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tv   Hearing on Supply Chain Resiliency  CSPAN  July 19, 2021 9:29pm-11:33pm EDT

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[captioning performed by the national captioning institute, which is responsible for its caption content and accuracy. visit] >> wow supports c-span as a public service along with these other providers. giving you a front row seat to democracy. >> next, a senate hearing on supply chain resiliency. the witnesses were asked about several topics including competition with china and the use of private and public partnerships. this runs for two hours. [indiscernible]
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>> all rise. >> the u.s. committee will come to order. thank you all for being here. we have a distinguished group of witnesses to talk about an important issue to us and the u.s.. that is the competitiveness of our supply chain and its resiliency for the future. each one of our witnesses, dr. james lewis, mr. rich, dr. dario
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gill, and mr. john miller offer a variety of perspectives on the importance of this issue. i can say for me and the state of washington, aviation supply is something we are proud of. 150,000 people work in that supply chain that continues to innovate and create new products as he says in his testimony, that is where the innovation is happening. in the supply chain. that is why we recently passed the now called u.s. innovation and competitiveness act. we are trying to negotiate with our house colleagues. we believe in making an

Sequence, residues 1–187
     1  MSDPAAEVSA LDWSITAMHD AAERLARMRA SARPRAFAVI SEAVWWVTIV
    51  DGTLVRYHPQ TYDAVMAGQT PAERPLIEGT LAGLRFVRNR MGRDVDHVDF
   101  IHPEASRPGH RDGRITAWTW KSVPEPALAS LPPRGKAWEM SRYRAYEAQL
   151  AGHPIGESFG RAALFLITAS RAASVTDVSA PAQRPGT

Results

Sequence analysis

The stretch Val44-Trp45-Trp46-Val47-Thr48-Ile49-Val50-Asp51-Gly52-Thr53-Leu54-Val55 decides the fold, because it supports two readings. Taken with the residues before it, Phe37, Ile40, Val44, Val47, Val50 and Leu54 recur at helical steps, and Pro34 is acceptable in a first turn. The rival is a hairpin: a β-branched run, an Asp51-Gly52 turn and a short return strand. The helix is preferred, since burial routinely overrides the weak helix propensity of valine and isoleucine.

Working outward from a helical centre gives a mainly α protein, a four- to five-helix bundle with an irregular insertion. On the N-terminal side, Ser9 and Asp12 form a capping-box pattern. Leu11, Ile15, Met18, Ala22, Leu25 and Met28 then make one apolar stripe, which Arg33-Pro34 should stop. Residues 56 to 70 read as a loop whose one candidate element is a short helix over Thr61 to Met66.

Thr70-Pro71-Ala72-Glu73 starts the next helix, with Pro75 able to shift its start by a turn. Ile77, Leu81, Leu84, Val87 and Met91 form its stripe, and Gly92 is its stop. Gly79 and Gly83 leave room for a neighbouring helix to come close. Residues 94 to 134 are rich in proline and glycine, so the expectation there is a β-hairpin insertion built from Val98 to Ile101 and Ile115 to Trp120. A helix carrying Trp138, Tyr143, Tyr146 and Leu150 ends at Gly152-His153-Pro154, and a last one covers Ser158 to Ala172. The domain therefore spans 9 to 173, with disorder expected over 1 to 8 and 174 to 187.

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investment in the supply chain. i am sure we will hear today about the challenges we face in the semiconductor sector, an aspect which we saw break shift over the last several decades and the consequence is less jobs in the u.s. i think congress has caught on that the supply chain is key to our economic strategy. a robust supply chain in the u.s. means we will have to continue having robust employment in the u.s. without the resiliency of the supply chain, it could be complicated given the experience of covid whether products can be delivered in a timely fashion, whether it services and security could be impacted and just how